Information identified as archived is provided for reference, research or recordkeeping purposes. It is not subject to the Government of Canada Web Standards and has not been altered or updated since it was archived. Please "contact us" to request a format other than those available.
General Social Survey on Victimization
In 2004, Statistics Canada conducted the victimization cycle of the General Social Survey for the fourth time. Previous cycles were conducted in 1988, 1993 and 1999. The objectives of the survey are to provide estimates of the extent to which people experience incidences of eight offence types, examining risk factors associated with victimization, reporting rates to police, and measures fear of crime and public perceptions of crime and the criminal justice system.
The 2004 GSS on victimization had a sample size of 24,000 households in the provinces that were selected using Random Digit Dialling (RDD). Once a household was chosen an individual 15 years or older was selected randomly to respond to the survey. The use of telephones for sample selection and data collection means that the 2004 GSS sample in the provinces only covers the 96% of the population that had telephone service. Households without telephones, households with only cellular phone service, and individuals living in institutions were excluded. These groups combined represented 4% of the target population. This figure is not large enough to significantly change the estimates. The response rate for the GSS Cycle 18 sample was 75%.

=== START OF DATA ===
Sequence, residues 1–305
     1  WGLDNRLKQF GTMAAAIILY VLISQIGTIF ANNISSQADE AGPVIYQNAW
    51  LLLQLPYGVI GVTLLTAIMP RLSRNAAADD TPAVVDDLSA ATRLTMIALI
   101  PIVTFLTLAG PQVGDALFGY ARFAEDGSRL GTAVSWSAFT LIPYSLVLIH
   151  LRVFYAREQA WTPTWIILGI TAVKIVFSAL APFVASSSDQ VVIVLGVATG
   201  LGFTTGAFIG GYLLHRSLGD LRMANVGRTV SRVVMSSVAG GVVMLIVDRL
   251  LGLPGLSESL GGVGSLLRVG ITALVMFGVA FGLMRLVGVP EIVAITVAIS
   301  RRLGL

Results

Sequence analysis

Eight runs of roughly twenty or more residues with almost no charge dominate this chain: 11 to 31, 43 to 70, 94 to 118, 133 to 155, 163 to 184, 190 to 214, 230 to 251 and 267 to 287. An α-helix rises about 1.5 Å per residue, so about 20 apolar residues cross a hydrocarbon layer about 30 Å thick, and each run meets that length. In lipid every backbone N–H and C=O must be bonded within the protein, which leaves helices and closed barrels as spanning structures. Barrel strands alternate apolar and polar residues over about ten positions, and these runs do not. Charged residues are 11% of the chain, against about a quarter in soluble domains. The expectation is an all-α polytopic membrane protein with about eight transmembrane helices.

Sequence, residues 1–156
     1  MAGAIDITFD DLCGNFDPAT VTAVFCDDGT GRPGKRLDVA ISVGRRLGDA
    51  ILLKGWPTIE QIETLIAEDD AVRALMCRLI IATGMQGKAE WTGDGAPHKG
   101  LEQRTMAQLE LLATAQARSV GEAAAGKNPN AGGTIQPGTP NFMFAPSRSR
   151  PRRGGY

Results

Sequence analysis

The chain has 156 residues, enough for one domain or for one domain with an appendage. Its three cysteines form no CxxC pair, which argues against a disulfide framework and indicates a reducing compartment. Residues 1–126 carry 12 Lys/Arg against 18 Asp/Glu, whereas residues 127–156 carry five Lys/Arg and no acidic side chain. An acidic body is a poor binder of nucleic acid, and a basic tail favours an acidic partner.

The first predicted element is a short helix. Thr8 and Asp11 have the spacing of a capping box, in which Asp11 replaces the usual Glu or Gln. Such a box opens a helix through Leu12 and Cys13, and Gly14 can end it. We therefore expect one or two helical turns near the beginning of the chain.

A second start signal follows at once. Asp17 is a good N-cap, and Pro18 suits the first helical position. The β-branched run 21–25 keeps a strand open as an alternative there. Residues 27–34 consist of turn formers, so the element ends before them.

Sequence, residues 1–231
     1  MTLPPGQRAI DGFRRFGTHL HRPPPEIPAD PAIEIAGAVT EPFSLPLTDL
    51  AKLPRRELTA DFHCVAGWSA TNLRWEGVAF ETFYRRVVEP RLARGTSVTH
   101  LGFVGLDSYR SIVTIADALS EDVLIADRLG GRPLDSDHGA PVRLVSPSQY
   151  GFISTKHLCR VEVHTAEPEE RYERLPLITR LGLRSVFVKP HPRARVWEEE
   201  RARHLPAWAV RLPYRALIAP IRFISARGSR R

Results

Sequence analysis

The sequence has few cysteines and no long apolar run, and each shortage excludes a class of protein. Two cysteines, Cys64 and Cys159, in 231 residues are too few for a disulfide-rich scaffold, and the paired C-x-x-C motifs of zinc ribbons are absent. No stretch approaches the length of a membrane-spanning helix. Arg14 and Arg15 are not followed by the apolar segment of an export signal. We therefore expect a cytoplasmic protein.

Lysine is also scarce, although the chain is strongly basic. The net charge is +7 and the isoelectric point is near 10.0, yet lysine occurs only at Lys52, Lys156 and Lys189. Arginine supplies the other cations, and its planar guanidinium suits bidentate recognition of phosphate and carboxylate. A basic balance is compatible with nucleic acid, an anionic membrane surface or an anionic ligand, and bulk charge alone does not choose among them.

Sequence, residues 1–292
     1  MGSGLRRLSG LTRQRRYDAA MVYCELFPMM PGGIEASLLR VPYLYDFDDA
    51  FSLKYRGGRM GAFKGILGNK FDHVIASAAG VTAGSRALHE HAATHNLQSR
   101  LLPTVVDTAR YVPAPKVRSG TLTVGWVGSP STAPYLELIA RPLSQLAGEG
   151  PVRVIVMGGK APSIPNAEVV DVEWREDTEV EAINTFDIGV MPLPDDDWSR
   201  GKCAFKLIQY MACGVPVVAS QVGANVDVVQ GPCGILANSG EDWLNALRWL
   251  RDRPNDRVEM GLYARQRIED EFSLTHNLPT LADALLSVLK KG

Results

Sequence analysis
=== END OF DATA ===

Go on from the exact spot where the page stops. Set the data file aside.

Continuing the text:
As with any household survey, there are some data limitations. The results are based on a sample and are therefore subject to sampling error. Somewhat different results might have been obtained if the entire population had been surveyed. The difference between the estimate obtained from the sample and the one resulting from a complete count is called the sampling error of the estimate. This profileuses the coefficient of variation (CV) as a measure of the sampling error. Any estimate that has a high CV (over 33.3%) has not been published because the estimate is too unreliable. An estimate that has a CV between 16.6 and 33.3 should be used with caution and the symbol ‘E’ is used.
When comparing estimates for significant differences, we test the hypothesis that the difference between two estimates is zero. We construct a 95% confidence interval around this difference and if this interval contains zero, then we conclude that the difference is not significant. If, however, this confidence interval does not contain zero, then we conclude that there is a significant difference between the two estimates.